The day we picked up "Kate", 51 days old.

Oh the eyes...

Our little desert dog

The big world awaits
Proud new dad
Kate's first ruffed grouse hunt

There are those eyes again

Girls day in the snow

Kate at 11 weeks
One of her favorite spots in front of the heat vent.

"A dog is the only thing on earth that loves you more than he loves himself."
-- Josh Billings

Friday, December 7, 2012


Swimming across the John Day River in the lower 40 degree water armed only in low cut socks, t-shirt, bra, and underwear, and while trying to maintain some sort of normal breathing pattern before hypothermia and/or hyperventilation set in, all I kept thinking to myself was...who does this?  Well, apparently that day, I did while retrieving the rooster pheasant we had just shot.  Being November, the only thing that was warm, was my husband waiting for me on the bank of the river.  Being without our bird dog hunting companion for well over a year now, we've run into some situations that have required some creative thinking on our part.  Today, I will chalk it up to just plain crazy behavior.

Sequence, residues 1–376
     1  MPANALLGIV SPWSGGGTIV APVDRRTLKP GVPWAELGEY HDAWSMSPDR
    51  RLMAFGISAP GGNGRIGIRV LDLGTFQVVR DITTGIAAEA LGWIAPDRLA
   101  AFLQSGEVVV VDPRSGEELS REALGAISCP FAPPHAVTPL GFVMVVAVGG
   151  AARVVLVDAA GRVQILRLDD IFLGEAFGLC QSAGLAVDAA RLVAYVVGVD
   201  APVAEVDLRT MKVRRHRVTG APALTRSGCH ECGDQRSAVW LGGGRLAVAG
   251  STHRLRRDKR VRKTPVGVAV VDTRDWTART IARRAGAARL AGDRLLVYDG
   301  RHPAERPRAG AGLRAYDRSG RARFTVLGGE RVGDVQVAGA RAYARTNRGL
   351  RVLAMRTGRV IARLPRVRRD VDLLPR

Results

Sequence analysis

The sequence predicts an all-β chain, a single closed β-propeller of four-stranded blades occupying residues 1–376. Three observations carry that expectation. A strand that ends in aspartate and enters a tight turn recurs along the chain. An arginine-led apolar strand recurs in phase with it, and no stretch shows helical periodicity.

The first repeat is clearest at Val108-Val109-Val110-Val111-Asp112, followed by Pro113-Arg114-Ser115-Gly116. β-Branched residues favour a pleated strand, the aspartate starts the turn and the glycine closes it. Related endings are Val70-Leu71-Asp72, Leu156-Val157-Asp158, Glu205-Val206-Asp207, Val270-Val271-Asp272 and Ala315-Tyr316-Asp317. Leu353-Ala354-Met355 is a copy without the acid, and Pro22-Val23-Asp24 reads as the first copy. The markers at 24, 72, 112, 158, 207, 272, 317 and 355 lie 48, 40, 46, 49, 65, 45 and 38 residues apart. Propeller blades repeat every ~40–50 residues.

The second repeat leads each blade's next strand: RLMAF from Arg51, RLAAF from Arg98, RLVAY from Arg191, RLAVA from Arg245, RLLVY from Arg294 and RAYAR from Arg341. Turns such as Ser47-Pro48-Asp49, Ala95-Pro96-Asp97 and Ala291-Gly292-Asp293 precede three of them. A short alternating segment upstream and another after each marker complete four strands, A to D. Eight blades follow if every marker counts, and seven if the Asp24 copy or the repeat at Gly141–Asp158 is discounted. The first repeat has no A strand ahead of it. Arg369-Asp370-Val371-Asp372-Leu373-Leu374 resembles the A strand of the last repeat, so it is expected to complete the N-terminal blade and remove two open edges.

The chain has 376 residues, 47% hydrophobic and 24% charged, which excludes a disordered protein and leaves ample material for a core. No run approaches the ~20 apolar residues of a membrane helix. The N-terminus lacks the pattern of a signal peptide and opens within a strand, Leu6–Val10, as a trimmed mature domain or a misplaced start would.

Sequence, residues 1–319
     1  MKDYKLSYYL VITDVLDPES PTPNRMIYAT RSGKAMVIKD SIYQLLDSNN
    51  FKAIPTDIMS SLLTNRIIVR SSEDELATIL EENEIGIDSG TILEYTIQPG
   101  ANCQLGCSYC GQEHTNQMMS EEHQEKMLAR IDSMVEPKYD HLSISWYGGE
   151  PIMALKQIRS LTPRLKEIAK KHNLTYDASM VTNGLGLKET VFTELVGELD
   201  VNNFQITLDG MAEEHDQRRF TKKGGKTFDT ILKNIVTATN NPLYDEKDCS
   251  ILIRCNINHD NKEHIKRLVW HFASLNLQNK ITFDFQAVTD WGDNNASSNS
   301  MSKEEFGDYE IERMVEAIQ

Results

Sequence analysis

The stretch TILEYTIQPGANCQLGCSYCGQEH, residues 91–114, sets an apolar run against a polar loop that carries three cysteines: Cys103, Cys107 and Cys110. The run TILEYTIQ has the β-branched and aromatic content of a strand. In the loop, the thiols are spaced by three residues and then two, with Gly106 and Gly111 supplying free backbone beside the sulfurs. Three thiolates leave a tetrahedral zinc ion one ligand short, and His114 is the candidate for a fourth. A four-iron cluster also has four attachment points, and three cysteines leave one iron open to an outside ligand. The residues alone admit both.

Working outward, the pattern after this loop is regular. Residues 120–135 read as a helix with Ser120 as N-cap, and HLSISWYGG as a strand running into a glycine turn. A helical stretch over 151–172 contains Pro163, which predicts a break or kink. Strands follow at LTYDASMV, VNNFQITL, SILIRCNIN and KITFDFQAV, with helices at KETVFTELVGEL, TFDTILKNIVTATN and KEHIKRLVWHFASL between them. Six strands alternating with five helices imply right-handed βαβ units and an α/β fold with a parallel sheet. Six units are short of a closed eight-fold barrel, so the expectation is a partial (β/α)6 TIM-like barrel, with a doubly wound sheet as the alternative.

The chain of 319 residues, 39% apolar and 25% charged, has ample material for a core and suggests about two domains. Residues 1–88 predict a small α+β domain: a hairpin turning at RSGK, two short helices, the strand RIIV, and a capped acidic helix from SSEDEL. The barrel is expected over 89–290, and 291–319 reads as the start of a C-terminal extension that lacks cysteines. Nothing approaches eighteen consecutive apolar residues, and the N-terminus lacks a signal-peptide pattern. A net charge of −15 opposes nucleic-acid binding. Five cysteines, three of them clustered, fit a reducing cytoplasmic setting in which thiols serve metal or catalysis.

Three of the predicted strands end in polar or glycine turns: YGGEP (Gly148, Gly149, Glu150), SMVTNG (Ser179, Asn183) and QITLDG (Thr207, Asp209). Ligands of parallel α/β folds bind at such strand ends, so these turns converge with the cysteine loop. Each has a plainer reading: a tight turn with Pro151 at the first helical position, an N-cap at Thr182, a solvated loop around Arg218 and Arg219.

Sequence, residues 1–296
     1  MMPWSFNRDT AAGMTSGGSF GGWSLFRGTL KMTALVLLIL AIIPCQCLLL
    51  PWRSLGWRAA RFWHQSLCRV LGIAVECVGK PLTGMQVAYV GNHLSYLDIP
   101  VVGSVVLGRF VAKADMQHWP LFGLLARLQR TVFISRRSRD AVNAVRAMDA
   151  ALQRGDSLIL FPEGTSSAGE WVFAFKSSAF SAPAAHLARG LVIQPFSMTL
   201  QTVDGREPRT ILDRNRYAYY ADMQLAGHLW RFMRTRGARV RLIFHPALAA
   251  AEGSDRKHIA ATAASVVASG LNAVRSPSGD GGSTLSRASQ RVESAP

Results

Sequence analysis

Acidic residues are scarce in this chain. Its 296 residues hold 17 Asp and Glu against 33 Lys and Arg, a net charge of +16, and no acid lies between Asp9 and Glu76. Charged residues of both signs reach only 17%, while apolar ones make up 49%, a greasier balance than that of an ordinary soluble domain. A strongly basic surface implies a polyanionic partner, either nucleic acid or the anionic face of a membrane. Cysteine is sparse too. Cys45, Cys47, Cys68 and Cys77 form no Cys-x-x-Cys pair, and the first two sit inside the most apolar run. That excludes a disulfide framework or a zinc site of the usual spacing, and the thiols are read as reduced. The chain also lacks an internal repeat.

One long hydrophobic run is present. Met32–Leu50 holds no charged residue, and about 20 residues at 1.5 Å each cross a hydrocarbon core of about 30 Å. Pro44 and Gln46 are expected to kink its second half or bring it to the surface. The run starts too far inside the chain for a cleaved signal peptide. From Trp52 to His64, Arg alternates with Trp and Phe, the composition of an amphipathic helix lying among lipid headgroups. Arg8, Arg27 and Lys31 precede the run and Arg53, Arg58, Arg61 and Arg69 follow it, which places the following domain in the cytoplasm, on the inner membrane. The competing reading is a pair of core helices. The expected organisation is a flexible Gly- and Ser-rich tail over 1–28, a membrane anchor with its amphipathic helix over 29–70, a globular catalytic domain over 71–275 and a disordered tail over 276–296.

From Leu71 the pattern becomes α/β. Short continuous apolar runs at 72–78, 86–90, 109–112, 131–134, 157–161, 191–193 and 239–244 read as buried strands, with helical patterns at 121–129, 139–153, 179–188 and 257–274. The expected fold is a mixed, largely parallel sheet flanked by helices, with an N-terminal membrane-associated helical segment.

My husband and I had headed east in search of new bird hunting country along the John Day River.  We had already made the decision that if we downed a bird over the water (and wasting game is not an option), one of us was swimming for it.  Well, on our way back to the truck from a short walk with daylight quickly disappearing, I just happened to spook a rooster pheasant from the brush.  Within seconds, the bird went from bursting out of its hiding spot to landing 40 yards across the river and being carried downstream.  The river having a slow current where we were, my husband quickly headed back to get the truck.  I however, decided I had better go get our feathered friend before it got too dark or carried down the river too far.  I now have a whole new appreciation for our four legged  furry friends. 

I am not quite sure what got into me that day but as crazy as it was, I would probably do it again.  Now if you're planning on bird hunting, I would probably advise against using this type of retreival method if possible!  I will let you know however, fetching the rooster like that made it the best tasting rooster I've ever had.